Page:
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Point Magu

May 5th, 2000

It Was Sunny At That
I have another site called that I put together some years ago when I had a Novell reseller business in Napa and I've never bothered to shut it down. Which, after shedding tears over the cost of owning a Jeep, is pretty stupid, come to think of it. Not shutting it down. Northland Baptist Bible College in Dunbar Wisconsin has the same domain name, except (of course) it ends with an .edu.

I get email sent to students and faculty at Northland Baptist Bible when it's mis-mailed to and I've gotten into the habit of logging into my old email account using IE Outlook Express every now and then to download and delete the email before it builds up. There's usually a fair amount. A bunch of stuff, not just the bible college mis-mails (Yes, I get the occasional email too: people negotiating big bucks television deals mostly.), but nothing personal or particularly interesting.

I'm not sure it's because it's a bible college, but there's a lot of email going back and forth with subjects like: "Sally loves you" and "Jesus loves you" and "Bubba loves you" and I've gotten pretty blasé about ripping through the list deleting them as they pop up on the screen and last Wednesday night was no exception, deleting some two hundred emails, a couple of which (I recalled later) were titled "ILOVEYOU" or "I-LOVE-YOU" or something very similar. There's a lot of love bouncing around the state of Wisconsin evidently so I didn't think about them one way or another as I was hitting the delete key.

At the office yesterday morning, going through the ILOVEYOU virus itself, line by line with our virus team (we had plenty of ILOVEYOUs to choose from quarantined in our mail servers), I remembered: Had I deleted those nbbc messages without setting any of them off? Were there still jpegs on this machine I'm writing on here at the moment? There were lots of pictures in my machine, dear mama, and they were not all backed up to disk. Tsk, tsk.

Self: Is there an, um, ethical question here, Prop? Deleting emails without letting the senders know about their addressing mistake?

Nah. Except maybe for the one that read "Momma and the kids are dead and I'm dying here alone in this foul Wisconsin hospital. Why won't you respond?" A put on, no doubt. Probably had a virus attached. The "PLEASE COME I'M DYING AND I LOVE YOU" virus. I dumped it in the trash.

This is the first virus, worm really, that I've ever examined line by line. We've been testing the Building at 333 Market Street, San Francisco Office 2000 software for the company which, when we roll it out, will put Outlook on our desktops for the first time. Outlook functions as an email client as well as giving you an address book and a calendar and some other stuff. (Some other stuff is a long story that we'll just skip, if you don't mind.) Outlook is a problem because a properly written virus can use it to access the email directory on your computer and send copies of itself attached to emails it generates to the entire list. That's what the ILOVEYOU virus did. It also writes itself over all the jpeg files on a machine, picture.jpg becoming picture.jpg.vbs, for example, and now all your photographs of the children are strings of Visual Basic virus code instead of cute little pixels. It does the same thing to music mpegs and other files. A slight change would have caused it to write itself over all of the word and spreadsheet files on your computer too and that, my friend, particularly to those of us who have not done our backups as often as we should at the office, would have been a pain in the ass.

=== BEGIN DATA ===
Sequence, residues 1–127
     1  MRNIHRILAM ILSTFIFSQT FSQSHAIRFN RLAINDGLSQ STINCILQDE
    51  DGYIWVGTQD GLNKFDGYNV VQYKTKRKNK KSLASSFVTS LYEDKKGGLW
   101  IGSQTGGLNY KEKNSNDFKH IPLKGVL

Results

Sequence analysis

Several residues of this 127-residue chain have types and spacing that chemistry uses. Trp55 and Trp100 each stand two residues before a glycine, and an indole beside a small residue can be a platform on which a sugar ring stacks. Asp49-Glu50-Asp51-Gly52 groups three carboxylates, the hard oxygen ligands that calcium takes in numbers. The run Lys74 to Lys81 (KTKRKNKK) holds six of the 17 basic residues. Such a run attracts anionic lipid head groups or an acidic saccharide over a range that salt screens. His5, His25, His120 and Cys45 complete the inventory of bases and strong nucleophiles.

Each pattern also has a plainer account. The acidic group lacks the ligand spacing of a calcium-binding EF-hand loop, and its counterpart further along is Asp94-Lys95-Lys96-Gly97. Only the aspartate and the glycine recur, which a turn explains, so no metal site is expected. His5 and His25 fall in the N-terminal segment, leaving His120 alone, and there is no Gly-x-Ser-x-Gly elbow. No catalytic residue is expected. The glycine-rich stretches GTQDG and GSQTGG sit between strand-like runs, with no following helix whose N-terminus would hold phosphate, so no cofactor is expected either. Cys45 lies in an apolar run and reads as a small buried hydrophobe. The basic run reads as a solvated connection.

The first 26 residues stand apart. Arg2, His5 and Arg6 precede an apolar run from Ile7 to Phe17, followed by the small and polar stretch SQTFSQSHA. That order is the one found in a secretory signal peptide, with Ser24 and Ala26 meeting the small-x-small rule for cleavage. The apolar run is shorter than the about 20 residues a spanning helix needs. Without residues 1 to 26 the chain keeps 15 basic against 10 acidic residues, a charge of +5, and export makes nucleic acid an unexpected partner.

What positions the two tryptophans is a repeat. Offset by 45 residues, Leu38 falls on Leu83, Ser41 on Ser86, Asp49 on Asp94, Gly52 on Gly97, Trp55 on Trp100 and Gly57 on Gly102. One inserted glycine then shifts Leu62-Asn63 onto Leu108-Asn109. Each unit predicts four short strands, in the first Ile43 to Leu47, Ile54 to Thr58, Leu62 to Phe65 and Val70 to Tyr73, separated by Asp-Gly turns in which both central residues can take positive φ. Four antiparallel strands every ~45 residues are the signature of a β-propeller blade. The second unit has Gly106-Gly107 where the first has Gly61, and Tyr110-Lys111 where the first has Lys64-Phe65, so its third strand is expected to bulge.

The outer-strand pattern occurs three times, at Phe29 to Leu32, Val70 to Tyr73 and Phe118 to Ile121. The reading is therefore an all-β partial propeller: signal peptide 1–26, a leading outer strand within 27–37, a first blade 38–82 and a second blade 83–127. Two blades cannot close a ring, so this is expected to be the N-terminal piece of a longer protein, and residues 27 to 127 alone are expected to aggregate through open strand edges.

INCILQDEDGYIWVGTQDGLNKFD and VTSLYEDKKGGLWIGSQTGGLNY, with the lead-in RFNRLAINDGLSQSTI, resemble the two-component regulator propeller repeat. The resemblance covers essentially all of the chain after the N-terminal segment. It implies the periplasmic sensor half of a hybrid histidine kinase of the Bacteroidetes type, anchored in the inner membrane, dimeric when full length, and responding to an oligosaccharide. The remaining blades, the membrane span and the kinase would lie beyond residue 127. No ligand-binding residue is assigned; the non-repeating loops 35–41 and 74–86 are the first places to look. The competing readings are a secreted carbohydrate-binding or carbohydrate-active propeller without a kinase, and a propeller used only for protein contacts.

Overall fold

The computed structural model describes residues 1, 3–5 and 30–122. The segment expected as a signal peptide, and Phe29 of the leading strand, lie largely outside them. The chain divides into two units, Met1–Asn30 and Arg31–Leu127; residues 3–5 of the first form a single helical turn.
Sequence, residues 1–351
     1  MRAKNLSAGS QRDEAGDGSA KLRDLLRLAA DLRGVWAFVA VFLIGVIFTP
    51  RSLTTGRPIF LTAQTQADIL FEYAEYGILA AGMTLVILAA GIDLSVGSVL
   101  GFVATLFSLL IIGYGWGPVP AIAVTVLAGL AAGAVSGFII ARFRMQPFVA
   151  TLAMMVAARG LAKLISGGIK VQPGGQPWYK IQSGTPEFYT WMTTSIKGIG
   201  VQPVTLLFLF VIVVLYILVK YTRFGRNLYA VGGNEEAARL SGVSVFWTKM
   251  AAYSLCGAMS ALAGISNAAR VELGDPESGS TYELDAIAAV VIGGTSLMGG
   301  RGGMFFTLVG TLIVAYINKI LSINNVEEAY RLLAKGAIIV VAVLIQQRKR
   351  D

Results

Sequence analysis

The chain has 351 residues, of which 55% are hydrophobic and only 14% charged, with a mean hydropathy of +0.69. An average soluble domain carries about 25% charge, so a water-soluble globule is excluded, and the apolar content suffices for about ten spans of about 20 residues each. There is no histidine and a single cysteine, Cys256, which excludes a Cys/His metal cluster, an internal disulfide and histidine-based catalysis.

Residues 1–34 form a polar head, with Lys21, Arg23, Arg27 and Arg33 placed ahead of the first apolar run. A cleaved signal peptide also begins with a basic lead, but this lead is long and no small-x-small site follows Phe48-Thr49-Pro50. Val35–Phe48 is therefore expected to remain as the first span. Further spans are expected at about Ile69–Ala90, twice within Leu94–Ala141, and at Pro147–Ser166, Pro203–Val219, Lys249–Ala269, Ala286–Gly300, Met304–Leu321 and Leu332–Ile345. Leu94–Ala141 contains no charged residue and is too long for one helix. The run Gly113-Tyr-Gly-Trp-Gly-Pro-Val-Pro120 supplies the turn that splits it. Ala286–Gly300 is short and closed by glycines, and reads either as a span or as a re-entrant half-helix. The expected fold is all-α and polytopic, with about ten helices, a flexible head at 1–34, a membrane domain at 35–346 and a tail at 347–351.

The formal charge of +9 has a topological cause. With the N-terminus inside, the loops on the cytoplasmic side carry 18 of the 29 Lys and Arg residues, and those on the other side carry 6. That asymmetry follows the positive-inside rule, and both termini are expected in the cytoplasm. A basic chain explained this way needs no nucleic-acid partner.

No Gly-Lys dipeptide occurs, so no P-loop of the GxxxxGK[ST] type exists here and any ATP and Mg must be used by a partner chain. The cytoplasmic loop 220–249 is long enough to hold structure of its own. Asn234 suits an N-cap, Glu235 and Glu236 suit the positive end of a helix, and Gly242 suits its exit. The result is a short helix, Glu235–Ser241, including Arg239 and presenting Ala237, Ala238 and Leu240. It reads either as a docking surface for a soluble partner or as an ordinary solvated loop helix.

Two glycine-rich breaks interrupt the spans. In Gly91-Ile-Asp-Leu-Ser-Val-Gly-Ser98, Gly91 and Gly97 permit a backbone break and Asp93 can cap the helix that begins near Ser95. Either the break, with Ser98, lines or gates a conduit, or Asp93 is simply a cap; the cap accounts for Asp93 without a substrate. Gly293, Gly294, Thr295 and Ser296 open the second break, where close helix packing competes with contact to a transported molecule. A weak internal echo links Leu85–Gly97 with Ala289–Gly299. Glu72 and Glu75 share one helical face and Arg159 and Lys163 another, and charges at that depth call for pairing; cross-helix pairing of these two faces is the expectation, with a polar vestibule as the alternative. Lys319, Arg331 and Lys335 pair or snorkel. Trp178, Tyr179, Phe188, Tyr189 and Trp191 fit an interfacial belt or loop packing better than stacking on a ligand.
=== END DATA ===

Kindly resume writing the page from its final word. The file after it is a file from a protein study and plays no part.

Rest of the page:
The interesting aspect is how closely it paralleled the check list of problems we'd been predicting from our roll out analysis. It did all of them: Changing the computer registry and opening a hole to an outside web site (where it downloaded a program that stole passwords cached in memory), disabling security, sending out copies of itself attached to emails, pissing on the new carpets. None of what I'm saying here needs to make sense, it's just that everything it did we'd pretty well predicted and documented and then here it was on everybody's desktop. Well, on everybody's desktop if we'd already switched over to the Microsoft email system. We don't use Outlook yet. Our current email program is old and funky enough that it couldn't figure out how to run LOVE-LETTER-FOR-YOU.TXT.vbs, because the name was too long, so it opened it as a text file. Text files don't damage your system. So we ducked the LOVE bullet.

I just checked the weather for Sunday: rain. Rain, rain, rain. Well, they make mistakes. The Cinco de Mayo parade is Sunday, of course, when else? I'll go unless it really is coming down hard and then, I don't know, I'll do some homework or something. Sunny California and it rains on my first parade of the year, if you don't count the Chinese New Year parade when it almost always rains and it's dark because they have it in the early evening (bitch, bitch, bitch). My foray into the heart of the great Southern California state for the Point Magu shootout doesn't count, although you could think of an air show as a parade without any streets. A crowd watching the exhibits fly by at 400 miles an hour would qualify, I guess. And it was sunny at that.

The banner photograph was taken at the Point Magu air show. I'm out of photographs. Let it not rain on Sunday and the Cinco de Mayo parade. Please. The photograph of the building at 333 Market Street was taken one weekend not long ago when I was attending the Illustrator class across the street. I think I got the balance and contrast a little better than the one I sent to Rien for his collection, so Rien, if you're reading this and you like it better, you might just grab it.